Inari Sushi (Inarizushi)

Inari Sushi (Inarizushi)

Known as aburaage, deep-fried tofu pouches are very popular in Japan. By the 1980s, close to 300,000 to 450,000 pouches were made every day and roughly one-third of the soybeans used for tofu went to making aburaage. Today, the love for these tasty pockets continues.

In the United States, these pouches are widely available in the refrigerated aisle in Asian supermarkets, but can also be bought canned from online retailers. Many tofu pockets are gluten free, but double-check the label before buying if there’s a wheat allergy in the house.

What Is Inari Sushi?

Inari sushi is made by filling a pouch of seasoned fried tofu with sushi rice. It is named after the Shinto god Inari, who is said to have had a fondness for tofu. These tofu pouches are a portable, healthy, everyday vegetarian and vegan dish.

You can dress these up any way you wish, as our recipe is just the most basic recipe to make inari. Use your imagination and other ingredients you have at hand to prepare your own version of inari sushi.

Tips for Making Inari Sushi

  • Place the cooked rice into the biggest bowl you have—the more surface area there is, the quicker the rice cools.
  • Fanning the rice doesn't just help it cool down; it also creates the beautiful shine that sushi rice is known for.
  • When adding the vinegar-sugar mixture and seaweed, be sure to mix them into the rice gently. You don't want to overwork the rice or else it'll start to get mushy.

Ways to Dress Up Inari Sushi

For other fun lunches with aburaage, use this recipe as a template and add steamed vegetables, furikake seasoning, radishes, avocado, thinly-sliced seaweed, bamboo shoots, or proteins like crab, pork, or fish. Any way you choose to make them, inari sushi is great for an office or school lunch box.

They also keep well overnight if refrigerated and can be eaten cold.

What to Serve With Inari Sushi

To make a complete lunch of these tasty treats, here are a few ideas on what to serve alongside:

  • Serve some soy sauce or tamari on the side for dipping your inari sushi.
  • Wasabi also makes a great addition, as each guest can add a dab or two into each pocket, depending on their heat tolerance.
  • Steamed vegetables, like asparagus, broccoli, and snap peas, are an ideal side to these pockets.
  • Sesame seeds (white, black, or both), add some crunch and nutrition to the pockets, so sprinkle some on top if desired.
  • A bowl of miso soup is also a welcome addition to an inari sushi lunch.

“I can see why inari sushi is often packed into lunchboxes. They’re truly the perfect portable bite. The fluffy rice and fried tofu pocket contrast nicely with each other. Working with the sushi rice can be messy—I recommend keeping a bowl of water around so you can wet your hands in between forming the rice balls.” —Patty Lee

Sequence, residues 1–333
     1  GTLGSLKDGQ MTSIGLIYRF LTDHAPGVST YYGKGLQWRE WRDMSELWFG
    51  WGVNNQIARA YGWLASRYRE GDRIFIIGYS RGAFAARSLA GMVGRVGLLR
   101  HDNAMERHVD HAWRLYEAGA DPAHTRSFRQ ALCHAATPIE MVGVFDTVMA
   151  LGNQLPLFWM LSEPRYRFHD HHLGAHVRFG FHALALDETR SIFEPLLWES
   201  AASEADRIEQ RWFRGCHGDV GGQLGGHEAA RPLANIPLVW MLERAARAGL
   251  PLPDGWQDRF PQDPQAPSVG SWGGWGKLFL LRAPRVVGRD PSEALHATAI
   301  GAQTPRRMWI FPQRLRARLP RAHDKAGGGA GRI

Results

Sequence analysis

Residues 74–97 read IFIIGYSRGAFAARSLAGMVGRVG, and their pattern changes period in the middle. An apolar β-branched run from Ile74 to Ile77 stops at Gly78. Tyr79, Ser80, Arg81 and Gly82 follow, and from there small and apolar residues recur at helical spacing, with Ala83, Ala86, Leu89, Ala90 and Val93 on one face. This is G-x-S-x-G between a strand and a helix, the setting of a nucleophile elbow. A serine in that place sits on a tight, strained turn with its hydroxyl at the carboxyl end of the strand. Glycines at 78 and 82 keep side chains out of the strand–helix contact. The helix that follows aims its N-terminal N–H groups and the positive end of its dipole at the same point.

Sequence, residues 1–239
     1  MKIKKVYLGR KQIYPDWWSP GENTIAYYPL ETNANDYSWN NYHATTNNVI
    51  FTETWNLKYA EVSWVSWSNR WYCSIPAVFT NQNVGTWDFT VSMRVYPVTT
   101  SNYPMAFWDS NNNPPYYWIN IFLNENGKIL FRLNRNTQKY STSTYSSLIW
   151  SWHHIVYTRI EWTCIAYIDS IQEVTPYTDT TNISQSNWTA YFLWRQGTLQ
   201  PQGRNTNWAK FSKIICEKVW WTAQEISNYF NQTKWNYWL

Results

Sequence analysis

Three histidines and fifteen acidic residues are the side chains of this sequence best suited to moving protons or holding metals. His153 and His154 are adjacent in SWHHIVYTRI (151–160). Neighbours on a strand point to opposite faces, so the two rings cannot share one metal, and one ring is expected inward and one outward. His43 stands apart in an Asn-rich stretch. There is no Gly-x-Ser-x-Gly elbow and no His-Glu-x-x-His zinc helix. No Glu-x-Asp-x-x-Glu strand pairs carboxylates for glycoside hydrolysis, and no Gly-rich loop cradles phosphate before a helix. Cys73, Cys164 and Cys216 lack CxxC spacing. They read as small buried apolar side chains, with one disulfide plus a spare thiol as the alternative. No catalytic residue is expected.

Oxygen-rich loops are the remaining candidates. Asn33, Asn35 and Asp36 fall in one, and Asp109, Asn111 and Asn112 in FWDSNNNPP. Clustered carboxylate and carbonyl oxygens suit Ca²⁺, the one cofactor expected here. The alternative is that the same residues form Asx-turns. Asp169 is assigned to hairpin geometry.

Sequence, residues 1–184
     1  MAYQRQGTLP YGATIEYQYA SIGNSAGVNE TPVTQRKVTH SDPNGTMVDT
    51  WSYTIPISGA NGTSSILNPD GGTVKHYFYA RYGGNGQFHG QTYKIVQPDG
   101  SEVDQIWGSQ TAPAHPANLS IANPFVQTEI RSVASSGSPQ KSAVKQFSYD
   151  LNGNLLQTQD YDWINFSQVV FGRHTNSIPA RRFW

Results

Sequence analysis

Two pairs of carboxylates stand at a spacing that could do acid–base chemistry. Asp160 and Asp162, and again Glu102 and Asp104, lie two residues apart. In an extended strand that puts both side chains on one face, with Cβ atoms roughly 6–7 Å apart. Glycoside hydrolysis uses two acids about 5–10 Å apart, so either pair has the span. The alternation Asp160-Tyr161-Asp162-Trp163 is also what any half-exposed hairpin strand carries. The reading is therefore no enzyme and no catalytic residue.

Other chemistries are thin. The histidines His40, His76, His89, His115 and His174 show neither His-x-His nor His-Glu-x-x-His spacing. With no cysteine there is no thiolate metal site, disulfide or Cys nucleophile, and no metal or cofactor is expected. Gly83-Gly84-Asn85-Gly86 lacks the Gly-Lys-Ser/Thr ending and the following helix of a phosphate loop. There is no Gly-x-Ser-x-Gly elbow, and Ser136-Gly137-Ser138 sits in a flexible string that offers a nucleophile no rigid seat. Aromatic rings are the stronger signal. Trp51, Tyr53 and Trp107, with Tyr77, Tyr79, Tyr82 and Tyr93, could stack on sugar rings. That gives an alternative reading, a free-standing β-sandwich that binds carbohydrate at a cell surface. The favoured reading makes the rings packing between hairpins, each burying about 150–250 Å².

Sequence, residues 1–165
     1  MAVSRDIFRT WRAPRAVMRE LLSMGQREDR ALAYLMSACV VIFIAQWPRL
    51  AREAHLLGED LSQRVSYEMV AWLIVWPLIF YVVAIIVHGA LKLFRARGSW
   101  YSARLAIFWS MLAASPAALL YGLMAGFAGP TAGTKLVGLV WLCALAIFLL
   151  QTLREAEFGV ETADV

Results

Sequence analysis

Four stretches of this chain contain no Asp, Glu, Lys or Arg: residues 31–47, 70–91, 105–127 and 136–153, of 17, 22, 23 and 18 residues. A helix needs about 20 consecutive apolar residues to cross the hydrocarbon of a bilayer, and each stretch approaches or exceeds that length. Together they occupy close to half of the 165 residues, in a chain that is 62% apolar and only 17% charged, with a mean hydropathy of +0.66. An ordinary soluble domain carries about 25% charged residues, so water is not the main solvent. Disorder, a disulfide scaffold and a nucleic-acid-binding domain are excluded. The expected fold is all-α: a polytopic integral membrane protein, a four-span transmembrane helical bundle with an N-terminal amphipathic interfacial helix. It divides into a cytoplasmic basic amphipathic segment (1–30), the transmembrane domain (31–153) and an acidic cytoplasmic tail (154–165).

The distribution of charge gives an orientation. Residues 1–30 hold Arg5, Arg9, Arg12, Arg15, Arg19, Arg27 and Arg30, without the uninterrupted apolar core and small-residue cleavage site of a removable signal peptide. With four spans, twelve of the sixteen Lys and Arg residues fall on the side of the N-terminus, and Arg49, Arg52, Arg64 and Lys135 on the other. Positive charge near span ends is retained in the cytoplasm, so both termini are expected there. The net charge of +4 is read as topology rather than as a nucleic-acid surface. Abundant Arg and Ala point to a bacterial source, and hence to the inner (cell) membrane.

A Note From Our Recipe Tester


  • 2 cups sushi rice, or medium-grain rice

  • 2 teaspoons granulated sugar

  • 2 tablespoons rice vinegar

  • 2 sheets nori, or gim, crumbled

  • 10 square inari pockets, cut in half

Steps to Make It

Make the Sushi Rice

  1. Gather the ingredients.

    Ingredients for rice stuffed tofu pockets gathered

    The Spruce Eats / Kristina Vanni

  2. Cook the sushi rice according to instructions in a rice cooker or in a pot on the stove.

    Sushi rice cooking in a pot

    The Spruce Eats / Kristina Vanni

  3. Once the rice is done, fluff the rice with a spoon.

    Cooked rice that has been fluffed in a pot

    The Spruce Eats / Kristina Vanni

  4. Let rest with the lid on for another 10 to 15 minutes.

    Rice cooking with the lid put onto the pot

    The Spruce Eats / Kristina Vanni

  5. In a bowl, combine sugar with the vinegar, whisking to combine.

    Sugar and vinegar being mixed in a bowl

    The Spruce Eats / Kristina Vanni

  6. Transfer the rice to a very large wooden bowl or salad bowl. Spread out in a thin layer so that the rice cools.

    Cooked rice resting in a white bowl

    The Spruce Eats / Kristina Vanni

  7. Cool the rice using a hand fan or waving a magazine back and forth, and when it's cool enough to handle, mix in the vinegar-sugar mixture to the rice. Keep fanning as you combine.

    Rice in a bowl being cooled with a hand fan

    The Spruce Eats / Kristina Vanni

Assemble the Inari Sushi

  1. Mix the crumbled seaweed into the seasoned rice.

    Seaweed being mixed into the seasoned rice

    The Spruce Eats / Kristina Vanni

  2. Wet your hands with rice vinegar or water so the rice doesn't stick. Divide the rice into 20 portions, either by weighing the total amount and neatly dividing, or using a 1/4 cup measuring cup. Form into egg-shaped balls.

    Rice and seaweed in zeppelin-shaped balls on a wood board

    The Spruce Eats / Kristina Vanni

  3. Press the rice firmly into the inari pockets. Repeat the process until you have used all the rice and pockets. Serve immediately.

    Rice being stuffed tofu pockets (inari sushi)

    The Spruce Eats / Kristina Vanni


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